Unfortunate as reality is, it takes everyone of us to be involved in decreasing the problem of hunger. Efficient Food distribution is something that has to be done at a local level, Trying to expand it across the world is just not feasible. As much excess food that local eateries in NYC may have AND are willing to donate it to those who need it, it is NOT going to alleviate hunger pangs of the needy halfway across the country leave alone the world. it just costs more than the value of the food to transport it. Going local is one way of ensuring that smaller food sources sprout up in larger numbers and can efficiently be put to good use, vs the big green giants who harvest lettuce in CA & drive it 500 miles across in a refrigerated truck.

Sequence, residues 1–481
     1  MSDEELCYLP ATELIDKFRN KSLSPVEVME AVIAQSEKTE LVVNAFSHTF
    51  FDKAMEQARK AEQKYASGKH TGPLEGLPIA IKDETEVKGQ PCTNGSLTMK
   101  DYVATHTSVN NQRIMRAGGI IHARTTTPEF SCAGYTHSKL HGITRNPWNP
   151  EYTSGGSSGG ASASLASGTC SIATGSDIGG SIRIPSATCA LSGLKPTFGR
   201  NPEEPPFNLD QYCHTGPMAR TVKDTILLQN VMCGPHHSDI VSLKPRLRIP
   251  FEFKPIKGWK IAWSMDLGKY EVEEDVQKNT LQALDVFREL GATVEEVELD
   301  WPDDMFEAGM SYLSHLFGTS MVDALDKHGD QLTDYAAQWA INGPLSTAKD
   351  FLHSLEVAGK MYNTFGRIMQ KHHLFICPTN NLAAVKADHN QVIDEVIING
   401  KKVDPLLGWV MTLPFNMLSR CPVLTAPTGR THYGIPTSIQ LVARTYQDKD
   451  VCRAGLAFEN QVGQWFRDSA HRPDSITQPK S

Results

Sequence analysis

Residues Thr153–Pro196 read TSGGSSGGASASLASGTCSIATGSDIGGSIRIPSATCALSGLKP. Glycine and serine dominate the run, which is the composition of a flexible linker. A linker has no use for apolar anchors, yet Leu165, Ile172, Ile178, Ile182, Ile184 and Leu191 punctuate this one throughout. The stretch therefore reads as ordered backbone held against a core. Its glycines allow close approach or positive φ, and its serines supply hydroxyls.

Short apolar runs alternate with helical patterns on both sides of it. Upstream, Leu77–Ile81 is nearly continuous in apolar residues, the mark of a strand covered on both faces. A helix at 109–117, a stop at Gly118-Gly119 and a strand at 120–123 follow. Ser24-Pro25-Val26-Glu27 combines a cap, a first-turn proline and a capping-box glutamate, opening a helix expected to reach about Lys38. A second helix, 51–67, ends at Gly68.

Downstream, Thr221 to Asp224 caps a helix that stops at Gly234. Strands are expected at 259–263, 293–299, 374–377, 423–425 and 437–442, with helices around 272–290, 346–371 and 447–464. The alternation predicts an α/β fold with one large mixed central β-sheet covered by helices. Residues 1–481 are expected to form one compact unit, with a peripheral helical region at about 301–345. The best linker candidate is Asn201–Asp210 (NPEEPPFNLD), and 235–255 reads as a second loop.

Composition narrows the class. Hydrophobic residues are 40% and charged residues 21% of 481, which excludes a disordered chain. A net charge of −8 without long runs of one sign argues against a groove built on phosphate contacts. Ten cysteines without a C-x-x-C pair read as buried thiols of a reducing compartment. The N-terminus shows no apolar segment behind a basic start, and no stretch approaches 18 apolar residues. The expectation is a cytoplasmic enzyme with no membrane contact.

I had a similar opinion on how much food is wasted on cooking shows, until I had the chance to personally ask the question to someone at Food Network. They actually donate over a TON, yes over 2200 lbs of produce & dry foods that is left over from their kitchen to City Harvest.. This completely changed my perspective of how the food media operates.

Lets look at the good that is actually being done rather that criticize what is not & what should have, could have.. positive attitudes & approaches go way further than negative ones..

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Sam1148

Sam is a trusted home cook.

added over 4 years ago

A friend of ours visited us this week. He's 27 yo. A Former Marine and Iraqi war vet, partially disabled due to a IED. He's living with grandmother (87 yo with Alzheimer and the caregiver).

He has resorted 'dumpster diving' for expired foods. Talking about which stores toss produce and meats and how he has scoped them out and the time they toss stuff and that's in his routine now to gather food. When I hear this, I think maybe the "Food Revolution"
The "let them shop at whole foods" to solve food supplies to those in need is very lacking.